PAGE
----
Just where did the American language come from? Here linguist and librarian Rosemarie Ostler spans from the Revolutionary era—when most family libraries contained only a Bible and a grammar primer—to the Internet Age, in her search for where we truly parted ways with England and the mother tongue. From split infinitives to double negatives, and from swearing to sentence diagrams, Ostler's anecdotal history of our ever-evolving—or is it devolving?—language has a colorful cast of characters that includes Noah Webster, Andrew Jackson, Teddy Roosevelt, and Strunk and White.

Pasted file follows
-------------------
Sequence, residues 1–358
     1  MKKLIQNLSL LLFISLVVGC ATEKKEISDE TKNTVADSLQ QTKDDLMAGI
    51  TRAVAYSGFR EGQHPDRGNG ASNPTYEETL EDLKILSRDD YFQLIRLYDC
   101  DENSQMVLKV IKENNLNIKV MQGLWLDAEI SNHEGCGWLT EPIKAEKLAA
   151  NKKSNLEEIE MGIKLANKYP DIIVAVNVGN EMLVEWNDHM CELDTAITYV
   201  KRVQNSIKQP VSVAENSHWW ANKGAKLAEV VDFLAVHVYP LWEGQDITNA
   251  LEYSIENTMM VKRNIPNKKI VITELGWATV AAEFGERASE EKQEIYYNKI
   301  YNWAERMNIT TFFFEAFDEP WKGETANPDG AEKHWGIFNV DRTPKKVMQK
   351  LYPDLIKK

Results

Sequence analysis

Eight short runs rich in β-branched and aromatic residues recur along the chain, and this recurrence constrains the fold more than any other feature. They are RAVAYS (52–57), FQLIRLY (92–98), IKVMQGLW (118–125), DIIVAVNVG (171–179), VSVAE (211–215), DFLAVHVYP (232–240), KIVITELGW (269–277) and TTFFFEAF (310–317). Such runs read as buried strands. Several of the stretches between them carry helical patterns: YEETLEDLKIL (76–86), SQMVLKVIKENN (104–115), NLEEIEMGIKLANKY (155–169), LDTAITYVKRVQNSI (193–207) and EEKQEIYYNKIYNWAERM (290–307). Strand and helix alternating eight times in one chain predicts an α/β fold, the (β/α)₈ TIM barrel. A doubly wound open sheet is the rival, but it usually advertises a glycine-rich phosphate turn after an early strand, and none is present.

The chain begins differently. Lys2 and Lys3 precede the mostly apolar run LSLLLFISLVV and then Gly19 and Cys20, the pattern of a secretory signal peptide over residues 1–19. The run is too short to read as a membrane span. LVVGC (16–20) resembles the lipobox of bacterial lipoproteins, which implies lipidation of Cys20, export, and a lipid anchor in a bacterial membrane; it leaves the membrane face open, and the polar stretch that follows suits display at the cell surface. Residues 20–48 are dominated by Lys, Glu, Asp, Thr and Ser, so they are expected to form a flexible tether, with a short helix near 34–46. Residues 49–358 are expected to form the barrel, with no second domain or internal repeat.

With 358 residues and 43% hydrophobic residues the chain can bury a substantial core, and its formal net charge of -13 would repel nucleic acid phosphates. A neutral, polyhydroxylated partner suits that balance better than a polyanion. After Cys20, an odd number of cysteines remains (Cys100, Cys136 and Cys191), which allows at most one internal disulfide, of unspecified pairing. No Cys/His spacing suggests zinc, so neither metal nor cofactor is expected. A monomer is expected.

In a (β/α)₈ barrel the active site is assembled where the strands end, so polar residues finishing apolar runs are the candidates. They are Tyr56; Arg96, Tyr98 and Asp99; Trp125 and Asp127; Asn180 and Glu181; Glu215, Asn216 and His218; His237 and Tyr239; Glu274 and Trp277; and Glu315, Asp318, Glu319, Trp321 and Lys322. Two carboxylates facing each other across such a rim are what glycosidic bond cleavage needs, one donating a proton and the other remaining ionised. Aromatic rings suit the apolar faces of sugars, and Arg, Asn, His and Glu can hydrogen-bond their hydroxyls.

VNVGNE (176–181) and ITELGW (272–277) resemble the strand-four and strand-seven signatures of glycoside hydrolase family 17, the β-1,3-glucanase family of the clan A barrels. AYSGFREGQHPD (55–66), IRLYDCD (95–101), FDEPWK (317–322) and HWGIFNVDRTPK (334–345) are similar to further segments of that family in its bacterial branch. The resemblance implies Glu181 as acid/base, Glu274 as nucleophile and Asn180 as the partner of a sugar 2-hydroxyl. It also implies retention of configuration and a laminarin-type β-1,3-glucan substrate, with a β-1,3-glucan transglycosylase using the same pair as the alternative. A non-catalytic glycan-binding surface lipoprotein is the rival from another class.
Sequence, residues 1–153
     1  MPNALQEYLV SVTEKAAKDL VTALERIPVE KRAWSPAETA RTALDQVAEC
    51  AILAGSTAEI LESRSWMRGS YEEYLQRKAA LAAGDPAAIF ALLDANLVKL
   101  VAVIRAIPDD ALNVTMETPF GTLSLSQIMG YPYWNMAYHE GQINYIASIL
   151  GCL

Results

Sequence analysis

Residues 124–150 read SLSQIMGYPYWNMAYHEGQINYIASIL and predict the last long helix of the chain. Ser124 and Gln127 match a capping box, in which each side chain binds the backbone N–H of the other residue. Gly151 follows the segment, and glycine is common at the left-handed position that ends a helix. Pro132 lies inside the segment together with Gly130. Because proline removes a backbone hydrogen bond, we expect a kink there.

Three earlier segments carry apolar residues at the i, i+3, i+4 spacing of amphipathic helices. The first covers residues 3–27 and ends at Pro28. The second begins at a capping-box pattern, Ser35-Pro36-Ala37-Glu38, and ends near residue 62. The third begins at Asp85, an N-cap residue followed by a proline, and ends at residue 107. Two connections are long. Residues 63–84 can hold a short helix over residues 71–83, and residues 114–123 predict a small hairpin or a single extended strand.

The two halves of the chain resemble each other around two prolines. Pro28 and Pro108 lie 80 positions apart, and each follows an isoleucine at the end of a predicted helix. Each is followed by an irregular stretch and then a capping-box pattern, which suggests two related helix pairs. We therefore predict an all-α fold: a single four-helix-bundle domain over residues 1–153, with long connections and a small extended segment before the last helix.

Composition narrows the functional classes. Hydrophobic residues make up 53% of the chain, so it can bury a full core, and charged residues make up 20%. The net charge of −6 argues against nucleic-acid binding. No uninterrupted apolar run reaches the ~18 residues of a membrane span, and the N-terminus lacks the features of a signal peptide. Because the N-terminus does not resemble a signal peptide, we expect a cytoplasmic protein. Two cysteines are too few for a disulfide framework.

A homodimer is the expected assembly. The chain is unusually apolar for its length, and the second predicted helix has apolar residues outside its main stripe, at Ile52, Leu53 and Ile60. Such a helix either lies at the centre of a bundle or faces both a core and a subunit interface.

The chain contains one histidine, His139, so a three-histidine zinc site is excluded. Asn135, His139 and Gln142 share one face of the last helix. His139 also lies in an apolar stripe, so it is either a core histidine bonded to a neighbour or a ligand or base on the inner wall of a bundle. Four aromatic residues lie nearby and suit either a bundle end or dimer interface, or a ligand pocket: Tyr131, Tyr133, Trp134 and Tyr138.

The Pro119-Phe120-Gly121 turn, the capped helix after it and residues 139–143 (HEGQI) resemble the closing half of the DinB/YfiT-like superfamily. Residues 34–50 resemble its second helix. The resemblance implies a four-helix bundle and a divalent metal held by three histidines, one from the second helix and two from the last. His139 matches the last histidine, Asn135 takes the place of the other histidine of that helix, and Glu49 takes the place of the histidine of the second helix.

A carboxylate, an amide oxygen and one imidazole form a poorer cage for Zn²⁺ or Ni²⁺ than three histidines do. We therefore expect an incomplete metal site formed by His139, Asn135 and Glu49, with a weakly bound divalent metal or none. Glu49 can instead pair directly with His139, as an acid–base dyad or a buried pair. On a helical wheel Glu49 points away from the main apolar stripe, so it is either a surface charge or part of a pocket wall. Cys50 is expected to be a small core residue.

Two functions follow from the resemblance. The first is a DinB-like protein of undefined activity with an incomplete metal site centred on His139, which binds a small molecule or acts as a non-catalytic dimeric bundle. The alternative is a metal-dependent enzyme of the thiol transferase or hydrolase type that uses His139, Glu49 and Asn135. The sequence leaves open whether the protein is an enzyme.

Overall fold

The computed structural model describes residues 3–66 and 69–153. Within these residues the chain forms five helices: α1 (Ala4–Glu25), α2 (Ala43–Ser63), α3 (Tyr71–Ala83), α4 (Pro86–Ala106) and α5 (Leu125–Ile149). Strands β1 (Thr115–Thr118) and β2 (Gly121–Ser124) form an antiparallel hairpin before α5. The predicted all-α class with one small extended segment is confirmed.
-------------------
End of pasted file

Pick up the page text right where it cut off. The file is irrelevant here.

"[This book is] a fanfare for the common word, a welcome reminder that American English is a language of the people, by the people, and for the people. Noah Webster would approve."—Patricia T. O'Conner